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5 Key Works That Chart the Digital Art Revolution


5 Key Works That Chart the Digital Art Revolution
Oliver Laric's Versions (Missile Variations), 2010

As with all things Internet, newer is better at the Whitechapel Gallerys current show "Electronic Superhighway" (through May 15), which features 100 digital and pre-digital artworks by 70 artists and works backwards from the present to the mid-1960s "Experiments in Art and Technology" that paired artists like Robert Rauschenberg and Yvonne Rainer with Bell Laboratories. Technology’s ever-quickening race to a theoretically apocalyptic finish line makes it hard to appreciate older forms of media art, which can look obsolescent, clunky, metaphorically sepia.

But it’s edifying, and fascinating, to see artists of the "Post-Internet" generation, including Jacolby Satterwhite and Hito Steyerl, on a continuum with pioneers of computer art such as Stan VanDerBeek and Nam June Paik (who coined the term "electronic superhighway" back in 1974). Here, in chronological order, are the five works not to miss if you’re planning a visit.


Good Morning, Mr. Orwell, 1983

Nam June Paik

The widely acknowledged founder of video art originally showed this "global disco" TV broadcast live on New Year’s Day of 1984. It’s become a digital roll call of 1980s trends: John Cage, Merce Cunningham and Allen Ginsberg figure in it, but so do the critically derided (though successful) UK chart act the Thompson Twins. Today, the piece's eye-blitzing fast cuts make it seem like a precursor to the free-for-all, non-hierarchical nature of the internet.


Lorna, 1979-82

Lynn Hershman Leeson

In this installation, you sit in "Lorna’s apartment" and watch a TV on which an apparently agoraphobic woman is shown applying makeup and going about her daily tasks. Flip through the channels, and you might even come across her fiddling with a gun. After a while, the experience becomes a little unnerving—you start to wonder if this person, or a representation of her, will come in and blast you away. The piece was originally conceived as a comment on the sanitizing effect of TV. Viewed in this context however, it seems to anticipate the immersive illusions of virtual reality.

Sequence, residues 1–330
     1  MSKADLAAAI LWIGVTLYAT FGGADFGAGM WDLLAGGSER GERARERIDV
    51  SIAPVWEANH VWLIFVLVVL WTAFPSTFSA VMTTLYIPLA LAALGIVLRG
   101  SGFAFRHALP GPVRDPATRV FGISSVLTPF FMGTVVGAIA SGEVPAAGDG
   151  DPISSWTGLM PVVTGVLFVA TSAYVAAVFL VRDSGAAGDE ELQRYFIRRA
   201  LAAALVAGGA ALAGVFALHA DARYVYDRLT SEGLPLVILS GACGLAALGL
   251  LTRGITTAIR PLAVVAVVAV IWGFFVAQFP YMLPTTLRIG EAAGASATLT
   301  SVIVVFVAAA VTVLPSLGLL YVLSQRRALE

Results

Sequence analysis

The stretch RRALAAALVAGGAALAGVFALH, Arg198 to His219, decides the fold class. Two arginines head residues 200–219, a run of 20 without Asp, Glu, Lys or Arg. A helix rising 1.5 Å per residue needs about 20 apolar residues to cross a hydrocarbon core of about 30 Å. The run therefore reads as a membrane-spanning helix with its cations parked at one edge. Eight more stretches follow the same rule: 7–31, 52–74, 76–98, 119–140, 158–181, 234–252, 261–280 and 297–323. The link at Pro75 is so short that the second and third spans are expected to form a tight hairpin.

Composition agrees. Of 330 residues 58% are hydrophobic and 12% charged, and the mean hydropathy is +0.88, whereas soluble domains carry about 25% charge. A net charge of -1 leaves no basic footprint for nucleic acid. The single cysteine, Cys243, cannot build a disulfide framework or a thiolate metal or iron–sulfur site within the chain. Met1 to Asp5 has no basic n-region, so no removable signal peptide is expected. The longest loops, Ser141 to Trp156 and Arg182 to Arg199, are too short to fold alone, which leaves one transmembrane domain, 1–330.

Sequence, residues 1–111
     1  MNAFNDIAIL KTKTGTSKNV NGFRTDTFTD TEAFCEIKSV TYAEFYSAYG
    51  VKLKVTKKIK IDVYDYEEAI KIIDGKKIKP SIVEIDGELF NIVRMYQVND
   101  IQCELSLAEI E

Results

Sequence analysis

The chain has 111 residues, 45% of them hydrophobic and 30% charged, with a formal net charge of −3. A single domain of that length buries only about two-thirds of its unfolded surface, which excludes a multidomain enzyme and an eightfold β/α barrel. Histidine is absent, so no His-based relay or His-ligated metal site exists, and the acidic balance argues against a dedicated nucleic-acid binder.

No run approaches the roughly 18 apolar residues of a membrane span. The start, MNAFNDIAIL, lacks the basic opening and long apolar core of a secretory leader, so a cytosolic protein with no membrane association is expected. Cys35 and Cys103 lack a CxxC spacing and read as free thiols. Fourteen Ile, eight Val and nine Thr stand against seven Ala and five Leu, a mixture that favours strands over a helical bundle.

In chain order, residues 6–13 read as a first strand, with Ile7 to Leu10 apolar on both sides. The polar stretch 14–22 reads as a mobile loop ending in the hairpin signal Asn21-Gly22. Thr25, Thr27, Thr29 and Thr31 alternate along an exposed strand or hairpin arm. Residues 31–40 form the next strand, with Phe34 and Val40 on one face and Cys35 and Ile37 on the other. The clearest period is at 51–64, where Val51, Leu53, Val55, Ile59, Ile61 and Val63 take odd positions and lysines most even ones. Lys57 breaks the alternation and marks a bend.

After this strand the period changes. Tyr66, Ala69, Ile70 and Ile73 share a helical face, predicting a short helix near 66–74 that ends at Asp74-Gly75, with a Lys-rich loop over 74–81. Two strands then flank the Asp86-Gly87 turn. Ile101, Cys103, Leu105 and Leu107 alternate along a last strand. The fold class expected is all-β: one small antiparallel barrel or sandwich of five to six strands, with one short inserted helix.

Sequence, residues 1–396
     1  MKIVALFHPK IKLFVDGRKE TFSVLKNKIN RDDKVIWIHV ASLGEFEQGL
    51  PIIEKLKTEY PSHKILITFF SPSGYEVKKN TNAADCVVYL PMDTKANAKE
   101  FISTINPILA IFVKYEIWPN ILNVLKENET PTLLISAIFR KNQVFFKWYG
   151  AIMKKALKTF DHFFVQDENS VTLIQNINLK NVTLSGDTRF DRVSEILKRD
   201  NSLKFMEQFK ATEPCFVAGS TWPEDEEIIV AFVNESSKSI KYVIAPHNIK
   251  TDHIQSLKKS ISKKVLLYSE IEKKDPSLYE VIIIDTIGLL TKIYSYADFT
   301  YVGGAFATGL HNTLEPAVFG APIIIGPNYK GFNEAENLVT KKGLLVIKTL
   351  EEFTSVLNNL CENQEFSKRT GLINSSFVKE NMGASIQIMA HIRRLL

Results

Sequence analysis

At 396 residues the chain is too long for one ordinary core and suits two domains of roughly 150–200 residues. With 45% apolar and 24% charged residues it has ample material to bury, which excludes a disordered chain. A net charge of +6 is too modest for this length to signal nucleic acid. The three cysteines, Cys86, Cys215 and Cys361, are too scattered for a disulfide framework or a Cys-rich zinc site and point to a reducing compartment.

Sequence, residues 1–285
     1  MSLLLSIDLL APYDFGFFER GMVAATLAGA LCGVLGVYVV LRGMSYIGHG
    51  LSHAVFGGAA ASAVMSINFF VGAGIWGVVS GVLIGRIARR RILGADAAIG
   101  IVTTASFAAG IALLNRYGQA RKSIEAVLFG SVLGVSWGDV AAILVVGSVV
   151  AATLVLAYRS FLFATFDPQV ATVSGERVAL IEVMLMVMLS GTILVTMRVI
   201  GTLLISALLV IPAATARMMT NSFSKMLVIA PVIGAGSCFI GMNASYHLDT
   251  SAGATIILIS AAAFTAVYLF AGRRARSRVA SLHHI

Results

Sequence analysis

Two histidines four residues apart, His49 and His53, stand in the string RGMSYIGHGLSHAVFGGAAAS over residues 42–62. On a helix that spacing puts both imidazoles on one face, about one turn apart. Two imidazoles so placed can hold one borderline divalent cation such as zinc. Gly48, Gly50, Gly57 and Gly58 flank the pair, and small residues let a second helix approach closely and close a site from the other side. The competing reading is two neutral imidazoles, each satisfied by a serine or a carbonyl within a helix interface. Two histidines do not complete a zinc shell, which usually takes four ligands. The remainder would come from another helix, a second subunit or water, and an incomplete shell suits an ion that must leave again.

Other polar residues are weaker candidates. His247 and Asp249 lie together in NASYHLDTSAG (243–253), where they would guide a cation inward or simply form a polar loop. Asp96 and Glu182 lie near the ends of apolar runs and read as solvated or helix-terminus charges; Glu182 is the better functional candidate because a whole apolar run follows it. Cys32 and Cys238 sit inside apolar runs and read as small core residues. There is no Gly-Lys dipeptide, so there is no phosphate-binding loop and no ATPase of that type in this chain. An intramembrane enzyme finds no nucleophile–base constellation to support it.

Snowbunny/Lakes, 2015

Cory Arcangel

Arcangel has taken on the role of an Internet and computer art historian. For his "Lakes" series he used a Java applet on photos of Paris Hilton, Hilary Clinton and Beyoncé to create a vintage, rippling watery effect. To the digital immigrant it’s a reminder of the fuzziness of early computer images; to the digital native though, it has an undeniable Warholian Pop art feel about it.


Versions (Missile Variations), 2010

Oliver Laric

This painting series with a voiceover soundtrack is based on an image, showing four rockets surging into the sky, that was released in 2008 by the Iranian Revolutionary Guard. After the release, photo agencies noticed it was a fake and that one of the rockets was a composite of the other two. A meme was born, and the internet exploded with myriad versions of the picture—some adding more than 40 missiles. Don the headphones that accompany the images, and you'll hear Laric saying that if you google the story now, the images with four and 40 missiles co-exist, leaving new viewers to wonder which—if either—is the "authentic" one.


En Plein Air: Music of Objective Romance, 2015

Jacolby Satterwhite

A modern day version of Bosch’s Garden of Earthly Delights, Satterwhite’s surreal, 3-D-animated tableau surveys various disparate offerings of the internet—including a bit of gay porn and scenes of climate change—and works them into a coherent universe. It’s a visual feast that, regardless of your view on its subject matter, is pretty much a state-of-the-art depiction of what it’s actually like to be in a dream.


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